Celebrating 100 years: A crisis of accreditation
It was “ante up or fold” for Chemical Engineering at the University of Rochester in 1936.
The program had failed to receive accreditation for several reasons. None of the faculty was trained in chemical engineering. There were no unit processes labs. The curriculum stressed too much chemistry and mechanical engineering, and not enough chemical engineering.
Though University President Alan Valentine initially favored abandoning the program, he sought additional advice, writes John Friedly, former department chair, in his 75th anniversary book about ChemE.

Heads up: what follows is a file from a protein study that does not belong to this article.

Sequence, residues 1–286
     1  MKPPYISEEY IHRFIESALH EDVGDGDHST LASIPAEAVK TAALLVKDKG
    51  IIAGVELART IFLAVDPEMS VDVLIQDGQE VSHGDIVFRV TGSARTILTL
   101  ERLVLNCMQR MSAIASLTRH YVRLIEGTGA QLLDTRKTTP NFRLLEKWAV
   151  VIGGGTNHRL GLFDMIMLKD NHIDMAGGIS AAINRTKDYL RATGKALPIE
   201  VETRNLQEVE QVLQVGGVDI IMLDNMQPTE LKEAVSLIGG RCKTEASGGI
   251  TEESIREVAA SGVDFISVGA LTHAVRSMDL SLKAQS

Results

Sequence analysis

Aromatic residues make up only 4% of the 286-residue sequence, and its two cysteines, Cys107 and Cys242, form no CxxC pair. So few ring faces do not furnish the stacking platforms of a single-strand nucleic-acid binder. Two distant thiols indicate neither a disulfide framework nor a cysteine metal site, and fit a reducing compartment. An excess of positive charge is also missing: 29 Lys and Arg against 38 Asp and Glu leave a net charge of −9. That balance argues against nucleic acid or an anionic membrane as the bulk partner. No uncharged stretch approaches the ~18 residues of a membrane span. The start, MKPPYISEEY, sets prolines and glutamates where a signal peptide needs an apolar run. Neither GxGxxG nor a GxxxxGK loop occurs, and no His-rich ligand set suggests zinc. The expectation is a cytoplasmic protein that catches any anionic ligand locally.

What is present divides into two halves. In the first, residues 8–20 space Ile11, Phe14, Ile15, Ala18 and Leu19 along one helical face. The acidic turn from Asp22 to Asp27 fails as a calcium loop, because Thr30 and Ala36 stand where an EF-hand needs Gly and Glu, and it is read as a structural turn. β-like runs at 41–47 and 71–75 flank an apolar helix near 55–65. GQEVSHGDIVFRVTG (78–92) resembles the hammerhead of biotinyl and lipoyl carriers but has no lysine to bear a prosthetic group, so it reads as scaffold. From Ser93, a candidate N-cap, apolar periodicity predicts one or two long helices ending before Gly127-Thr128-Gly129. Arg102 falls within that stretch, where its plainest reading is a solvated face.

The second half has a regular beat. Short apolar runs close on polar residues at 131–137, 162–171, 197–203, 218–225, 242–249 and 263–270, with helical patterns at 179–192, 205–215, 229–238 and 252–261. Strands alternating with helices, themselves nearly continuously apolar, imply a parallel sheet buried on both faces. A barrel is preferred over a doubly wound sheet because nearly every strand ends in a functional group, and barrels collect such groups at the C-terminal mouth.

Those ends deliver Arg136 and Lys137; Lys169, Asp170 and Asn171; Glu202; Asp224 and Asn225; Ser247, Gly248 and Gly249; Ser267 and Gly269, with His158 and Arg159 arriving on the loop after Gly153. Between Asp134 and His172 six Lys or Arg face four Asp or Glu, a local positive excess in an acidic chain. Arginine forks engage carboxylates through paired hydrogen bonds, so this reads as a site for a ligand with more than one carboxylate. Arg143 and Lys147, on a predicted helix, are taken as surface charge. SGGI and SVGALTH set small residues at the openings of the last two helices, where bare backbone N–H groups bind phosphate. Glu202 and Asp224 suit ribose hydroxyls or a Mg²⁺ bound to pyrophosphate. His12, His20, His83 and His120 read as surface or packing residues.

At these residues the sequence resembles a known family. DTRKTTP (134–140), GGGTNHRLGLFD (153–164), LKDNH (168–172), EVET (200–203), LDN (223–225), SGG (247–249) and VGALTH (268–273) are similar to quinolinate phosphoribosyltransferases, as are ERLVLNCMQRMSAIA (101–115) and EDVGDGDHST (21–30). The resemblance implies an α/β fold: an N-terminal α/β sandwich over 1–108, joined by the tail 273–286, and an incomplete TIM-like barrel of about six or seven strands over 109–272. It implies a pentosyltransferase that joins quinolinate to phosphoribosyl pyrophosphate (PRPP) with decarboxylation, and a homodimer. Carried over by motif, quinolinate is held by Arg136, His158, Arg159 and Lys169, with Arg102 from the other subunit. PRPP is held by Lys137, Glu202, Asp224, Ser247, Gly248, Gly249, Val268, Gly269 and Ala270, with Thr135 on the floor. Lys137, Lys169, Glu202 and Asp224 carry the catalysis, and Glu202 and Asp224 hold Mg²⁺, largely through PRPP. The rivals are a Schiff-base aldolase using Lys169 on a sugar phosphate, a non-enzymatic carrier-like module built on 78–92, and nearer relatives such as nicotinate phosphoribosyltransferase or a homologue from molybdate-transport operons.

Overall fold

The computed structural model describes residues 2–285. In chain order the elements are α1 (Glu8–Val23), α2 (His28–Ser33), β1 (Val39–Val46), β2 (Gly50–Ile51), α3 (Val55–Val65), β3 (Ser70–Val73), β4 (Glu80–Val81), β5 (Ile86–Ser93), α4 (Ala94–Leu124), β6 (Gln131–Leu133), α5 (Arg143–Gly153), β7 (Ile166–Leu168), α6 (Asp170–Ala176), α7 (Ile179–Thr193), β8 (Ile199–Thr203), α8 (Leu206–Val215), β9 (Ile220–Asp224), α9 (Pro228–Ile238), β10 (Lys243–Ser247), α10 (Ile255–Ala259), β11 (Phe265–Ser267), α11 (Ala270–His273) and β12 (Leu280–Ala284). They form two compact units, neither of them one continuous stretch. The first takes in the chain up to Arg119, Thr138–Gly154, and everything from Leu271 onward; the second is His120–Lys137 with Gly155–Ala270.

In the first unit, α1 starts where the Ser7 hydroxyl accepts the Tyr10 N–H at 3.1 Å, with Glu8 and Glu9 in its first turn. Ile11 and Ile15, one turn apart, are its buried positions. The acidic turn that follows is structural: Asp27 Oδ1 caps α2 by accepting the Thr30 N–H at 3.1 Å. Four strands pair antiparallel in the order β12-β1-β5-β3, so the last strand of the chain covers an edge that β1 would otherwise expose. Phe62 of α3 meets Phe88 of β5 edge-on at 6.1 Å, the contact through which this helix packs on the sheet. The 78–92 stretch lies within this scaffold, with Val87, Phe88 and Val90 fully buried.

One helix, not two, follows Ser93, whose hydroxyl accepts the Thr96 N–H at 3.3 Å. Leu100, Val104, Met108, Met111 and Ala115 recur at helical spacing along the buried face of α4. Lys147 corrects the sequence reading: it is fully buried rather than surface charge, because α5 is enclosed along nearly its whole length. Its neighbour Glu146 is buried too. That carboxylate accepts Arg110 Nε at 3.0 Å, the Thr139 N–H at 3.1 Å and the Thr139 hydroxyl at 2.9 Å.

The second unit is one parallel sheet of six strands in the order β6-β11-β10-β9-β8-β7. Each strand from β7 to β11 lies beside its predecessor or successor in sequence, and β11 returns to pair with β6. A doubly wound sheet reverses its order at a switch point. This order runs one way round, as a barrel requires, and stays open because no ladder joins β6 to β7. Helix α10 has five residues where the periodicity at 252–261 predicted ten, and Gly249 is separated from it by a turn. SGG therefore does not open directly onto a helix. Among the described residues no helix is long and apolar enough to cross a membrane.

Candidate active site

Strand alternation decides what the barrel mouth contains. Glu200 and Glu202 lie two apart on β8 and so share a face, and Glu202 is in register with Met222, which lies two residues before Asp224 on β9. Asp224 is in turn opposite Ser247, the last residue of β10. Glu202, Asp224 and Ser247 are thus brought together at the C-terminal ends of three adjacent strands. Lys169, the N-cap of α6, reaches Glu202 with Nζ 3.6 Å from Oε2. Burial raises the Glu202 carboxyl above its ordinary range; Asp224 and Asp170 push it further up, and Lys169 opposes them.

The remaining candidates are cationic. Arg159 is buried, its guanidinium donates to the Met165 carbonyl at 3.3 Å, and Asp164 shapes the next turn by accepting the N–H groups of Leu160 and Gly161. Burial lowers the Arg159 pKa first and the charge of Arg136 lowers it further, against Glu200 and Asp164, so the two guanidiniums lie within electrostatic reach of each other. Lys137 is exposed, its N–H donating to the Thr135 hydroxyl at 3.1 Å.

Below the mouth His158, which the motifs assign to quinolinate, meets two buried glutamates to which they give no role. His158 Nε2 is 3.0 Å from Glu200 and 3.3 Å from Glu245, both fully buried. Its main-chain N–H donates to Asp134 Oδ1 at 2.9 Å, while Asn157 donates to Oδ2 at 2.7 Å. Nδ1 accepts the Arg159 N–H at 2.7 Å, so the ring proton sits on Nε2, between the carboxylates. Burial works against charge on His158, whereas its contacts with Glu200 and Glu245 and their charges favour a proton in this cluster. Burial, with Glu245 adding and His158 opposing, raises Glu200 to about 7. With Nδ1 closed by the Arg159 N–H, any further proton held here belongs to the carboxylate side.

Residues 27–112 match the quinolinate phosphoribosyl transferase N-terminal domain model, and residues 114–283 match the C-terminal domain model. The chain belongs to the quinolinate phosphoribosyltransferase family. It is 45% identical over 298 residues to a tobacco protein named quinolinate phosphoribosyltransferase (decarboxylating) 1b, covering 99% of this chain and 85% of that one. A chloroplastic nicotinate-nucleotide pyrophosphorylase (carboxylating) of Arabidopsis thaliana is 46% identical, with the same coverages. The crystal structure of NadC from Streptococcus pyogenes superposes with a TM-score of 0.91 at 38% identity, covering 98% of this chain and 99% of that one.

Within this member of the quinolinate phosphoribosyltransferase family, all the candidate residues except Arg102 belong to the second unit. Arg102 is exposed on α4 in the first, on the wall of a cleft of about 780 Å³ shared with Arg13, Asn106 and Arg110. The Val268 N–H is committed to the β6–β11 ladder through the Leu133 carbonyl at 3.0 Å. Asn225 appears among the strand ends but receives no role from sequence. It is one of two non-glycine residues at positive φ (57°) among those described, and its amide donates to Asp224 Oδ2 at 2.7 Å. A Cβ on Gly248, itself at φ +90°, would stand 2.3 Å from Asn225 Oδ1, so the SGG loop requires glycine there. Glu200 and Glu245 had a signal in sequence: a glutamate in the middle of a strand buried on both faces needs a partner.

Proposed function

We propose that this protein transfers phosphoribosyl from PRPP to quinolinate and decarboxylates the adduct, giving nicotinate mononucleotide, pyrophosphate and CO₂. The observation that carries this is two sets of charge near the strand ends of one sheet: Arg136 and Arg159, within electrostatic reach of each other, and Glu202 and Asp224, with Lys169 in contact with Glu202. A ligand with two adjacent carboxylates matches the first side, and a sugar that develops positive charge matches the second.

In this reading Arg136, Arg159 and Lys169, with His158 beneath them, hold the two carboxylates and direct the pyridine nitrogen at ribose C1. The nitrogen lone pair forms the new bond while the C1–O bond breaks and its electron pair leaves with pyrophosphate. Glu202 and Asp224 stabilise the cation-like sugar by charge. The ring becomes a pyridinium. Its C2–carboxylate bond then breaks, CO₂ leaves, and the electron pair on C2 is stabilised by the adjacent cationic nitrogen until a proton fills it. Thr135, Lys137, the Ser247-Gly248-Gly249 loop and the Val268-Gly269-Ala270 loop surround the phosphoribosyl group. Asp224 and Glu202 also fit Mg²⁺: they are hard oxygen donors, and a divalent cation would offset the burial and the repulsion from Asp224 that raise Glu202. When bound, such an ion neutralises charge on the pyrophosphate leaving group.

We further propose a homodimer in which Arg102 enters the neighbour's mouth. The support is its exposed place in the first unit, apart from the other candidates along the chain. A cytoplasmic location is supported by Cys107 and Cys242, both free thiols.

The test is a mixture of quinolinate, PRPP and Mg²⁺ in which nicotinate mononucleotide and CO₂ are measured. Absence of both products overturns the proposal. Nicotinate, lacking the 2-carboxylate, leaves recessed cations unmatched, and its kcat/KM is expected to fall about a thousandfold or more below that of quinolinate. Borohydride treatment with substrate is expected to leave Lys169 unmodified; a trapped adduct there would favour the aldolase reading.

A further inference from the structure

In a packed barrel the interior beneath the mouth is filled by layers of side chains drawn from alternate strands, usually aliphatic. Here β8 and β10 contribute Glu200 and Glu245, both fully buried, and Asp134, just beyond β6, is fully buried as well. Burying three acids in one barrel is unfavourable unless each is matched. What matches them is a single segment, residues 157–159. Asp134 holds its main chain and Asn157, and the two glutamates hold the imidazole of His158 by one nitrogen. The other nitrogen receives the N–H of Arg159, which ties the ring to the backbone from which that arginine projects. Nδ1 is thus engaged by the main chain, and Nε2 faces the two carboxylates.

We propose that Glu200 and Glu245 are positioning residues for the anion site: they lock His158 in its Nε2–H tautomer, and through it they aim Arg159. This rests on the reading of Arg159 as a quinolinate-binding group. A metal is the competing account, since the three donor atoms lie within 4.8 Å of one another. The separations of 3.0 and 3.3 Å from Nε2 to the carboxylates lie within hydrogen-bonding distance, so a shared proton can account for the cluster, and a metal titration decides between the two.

Prof. Joseph Gavett, chair of engineering, was determined to keep the program.
During a key meeting with trustees in May 1937, the University decided to “ante up,” agreeing to spend $15,000 over three years for a unit processes lab, and $4,500 to $5,000 yearly for a new faculty member.
In addition, an industrial advisory committee was created for chemical engineering, headed by James Gleason of Gleason Works.
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